1 Introduction |
1. This is the seventh Report in a series on foreign
policy aspects of the 'war against terrorism'. Our predecessor
Committee launched this inquiry following the 11 September 2001
terrorist attacks in the USA. These Reports, supplemented by other
Reports on the decision to go to war in Iraq, on British-US
relations and on human rights, have contributed to the ongoing
debate on both the causes of terrorism and the United Kingdom's
response to it. During the course of the inquiry, the Committee
has discussed wide and varied themes, such as the fall of the
Taliban and efforts to rebuild Afghanistan, shifts in the organisation
of al Qaeda, the war and subsequent situation in Iraq, multilateral
efforts to tackle terrorist financing and global work to prevent
the proliferation of weapons of mass destruction.
2. In this Report, we return to a number of these
themes. We discuss the fast developing situations in Israel and
the Palestinian Territories, Iraq and Iran. However, for the first
time we also discuss in some detail the United Kingdom's relations
with Saudi Arabia and the United Arab Emirates and the role of
these two countries in the international 'war against terrorism'.
Both countries were linked to the attacks of 11 September: fifteen
of the nineteen suicide aeroplane hijackers were Saudi citizens;
two were UAE nationals. In addition, both Saudi Arabia and the
UAE have significant experience fighting terrorism, both through
security-based counter-terrorism measures and by tackling the
causes of terrorism through educational reform and cooperation
with religious authorities. Not only are both countries key allies
in the fight against international terrorism, but there is also
much that could be learned from their efforts to understand and
thwart recruitment of extremists.
3. Although for consistency with our previous Reports
we have entitled this one 'Foreign Policy Aspects of the War against
Terrorism', we have come to the conclusion that the phrase 'war
against terrorism' is inappropriate. The phrase may initially
have seemed an adequate description for international efforts
in the context of the attacks of 11 September and subsequent action
against the Taliban in Afghanistan. However, it does not adequately
describe what has become a multi-faceted and complex international
effort to thwart terrorist attacks across the globe simultaneously
with attempts to address the background to international terrorism.
We shall give further consideration to providing a more appropriate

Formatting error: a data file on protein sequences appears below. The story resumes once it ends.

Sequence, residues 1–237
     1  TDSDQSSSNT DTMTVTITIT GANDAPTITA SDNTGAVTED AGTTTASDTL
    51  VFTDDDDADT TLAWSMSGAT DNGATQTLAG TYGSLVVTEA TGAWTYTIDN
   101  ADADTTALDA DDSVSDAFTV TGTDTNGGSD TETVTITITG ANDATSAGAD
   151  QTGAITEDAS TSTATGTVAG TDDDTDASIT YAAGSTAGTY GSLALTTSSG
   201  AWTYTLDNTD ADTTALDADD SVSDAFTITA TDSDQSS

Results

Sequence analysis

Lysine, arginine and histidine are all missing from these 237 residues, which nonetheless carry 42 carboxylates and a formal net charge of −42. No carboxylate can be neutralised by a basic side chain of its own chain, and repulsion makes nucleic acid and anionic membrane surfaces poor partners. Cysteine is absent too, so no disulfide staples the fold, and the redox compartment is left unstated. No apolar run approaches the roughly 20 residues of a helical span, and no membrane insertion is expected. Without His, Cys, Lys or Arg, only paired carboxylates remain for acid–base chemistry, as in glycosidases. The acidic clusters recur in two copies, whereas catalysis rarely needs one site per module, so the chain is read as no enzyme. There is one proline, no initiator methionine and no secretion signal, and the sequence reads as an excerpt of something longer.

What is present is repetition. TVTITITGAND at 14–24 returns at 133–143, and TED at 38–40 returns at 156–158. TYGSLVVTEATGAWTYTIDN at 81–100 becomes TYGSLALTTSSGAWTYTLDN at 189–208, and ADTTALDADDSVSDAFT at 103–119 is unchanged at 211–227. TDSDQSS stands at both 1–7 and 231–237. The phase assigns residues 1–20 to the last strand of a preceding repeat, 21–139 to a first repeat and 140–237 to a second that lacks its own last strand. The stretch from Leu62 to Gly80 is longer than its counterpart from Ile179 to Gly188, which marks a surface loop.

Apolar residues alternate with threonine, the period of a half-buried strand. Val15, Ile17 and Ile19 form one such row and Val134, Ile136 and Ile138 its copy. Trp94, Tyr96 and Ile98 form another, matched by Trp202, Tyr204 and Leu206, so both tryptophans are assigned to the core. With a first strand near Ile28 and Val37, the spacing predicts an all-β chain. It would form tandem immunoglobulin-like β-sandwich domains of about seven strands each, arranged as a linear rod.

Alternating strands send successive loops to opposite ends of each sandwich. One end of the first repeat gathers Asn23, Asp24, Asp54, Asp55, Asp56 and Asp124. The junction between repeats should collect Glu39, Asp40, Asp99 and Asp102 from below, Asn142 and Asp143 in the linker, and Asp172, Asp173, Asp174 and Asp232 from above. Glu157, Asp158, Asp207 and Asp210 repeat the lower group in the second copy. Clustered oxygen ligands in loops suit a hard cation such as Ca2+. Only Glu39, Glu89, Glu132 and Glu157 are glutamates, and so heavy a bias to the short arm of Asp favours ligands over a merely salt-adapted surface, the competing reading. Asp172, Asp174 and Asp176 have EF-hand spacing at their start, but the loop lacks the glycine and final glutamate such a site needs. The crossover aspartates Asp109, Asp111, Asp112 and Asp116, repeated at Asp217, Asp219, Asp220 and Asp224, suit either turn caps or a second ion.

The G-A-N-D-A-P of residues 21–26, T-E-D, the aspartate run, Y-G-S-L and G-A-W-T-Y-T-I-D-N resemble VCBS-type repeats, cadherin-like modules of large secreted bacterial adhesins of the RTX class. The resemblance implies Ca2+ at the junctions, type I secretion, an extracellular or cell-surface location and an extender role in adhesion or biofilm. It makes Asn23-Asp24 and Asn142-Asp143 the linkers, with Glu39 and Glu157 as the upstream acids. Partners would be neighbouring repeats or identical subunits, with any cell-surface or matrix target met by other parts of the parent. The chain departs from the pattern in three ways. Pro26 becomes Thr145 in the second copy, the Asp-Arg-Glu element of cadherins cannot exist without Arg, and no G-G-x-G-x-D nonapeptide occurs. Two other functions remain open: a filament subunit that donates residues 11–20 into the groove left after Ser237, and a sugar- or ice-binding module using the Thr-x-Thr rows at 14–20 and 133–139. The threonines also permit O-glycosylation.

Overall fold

phrase when we produce our next Report on countering terrorism.
4. If any reminder were needed of the continuing
threat posed by international terrorism, on 7 July 2005 four suicide
attacks in London left 56 dead and hundreds injured. The bombers
were British, but their crimes were committed against a backdrop
of global terrorism. In March 2006, the FCO published its new
strategy document "Active Diplomacy for a Changing World."
This document sets out nine strategic international priorities
for the United Kingdom:
- Making the world safer from
global terrorism and weapons of mass destruction.
- Reducing the harm to the UK from international
crime, including drug trafficking, people smuggling and money
- Preventing and resolving conflict through a strong
- Building an effective and globally competitive
EU in a secure neighbourhood.
- Supporting the UK economy and business through
an open and expanding global economy, science and innovation and
secure energy supplies.
- Promoting sustainable development and poverty
reduction underpinned by human rights, democracy, good governance
and protection of the environment.
- Managing migration and combating illegal immigration.
- Delivering high-quality support for British nationals
abroad, in normal times and in crises.
- Ensuring the security and good governance of
the UK's Overseas Territories.
5. Many of these priorities are relevant to international
efforts to fight terrorism and the circumstances in which extremism
and terrorism flourish. Critically, the document states that "The
priorities cannot be pursued in isolation. They intersect in many
of the urgent international problems the UK faces, such as the
search for peace in the Middle East and South Asia, the reconstruction
of Afghanistan and Iraq, or dealing more effectively with poverty
and conflict around the world." Throughout the course of
the Committee's inquiry into foreign policy aspects of the 'war
against terrorism', it has become clear not only that the 'war
against terrorism' must consider wider and more complex issues
than terrorism itself, but that the development and implementation
of policy to protect British interests must be carried out as
part of a coherent foreign policy strategy.
6. Much of the evidence taken for this Report was
received before the change of Foreign Secretary, and therefore
was provided by Jack Straw ahead of the appointment of Margaret
Beckett in May 2006. We heard oral evidence from Jack Straw on
three occasions. We also held discussions with senior figures
at the UN in New York, with members of the US Administration in
Washington DC, with key personnel in the European Commission and
with ministers, politicians, senior officials and others in Saudi
Arabia, the UAE, Israel, the Palestinian Territories and Iraq.
We also heard formal and informal evidence from a range of witnesses
and received written evidence from a variety of sources; we express
our thanks to all of these.
1 Foreign & Commonwealth Office, Active Diplomacy
for a Changing World: The UK's International Priorities, Cm
6762, March 2006. In June 2006, the new Foreign Secretary, Margaret
Beckett, added a further strategic priority of climate change. Back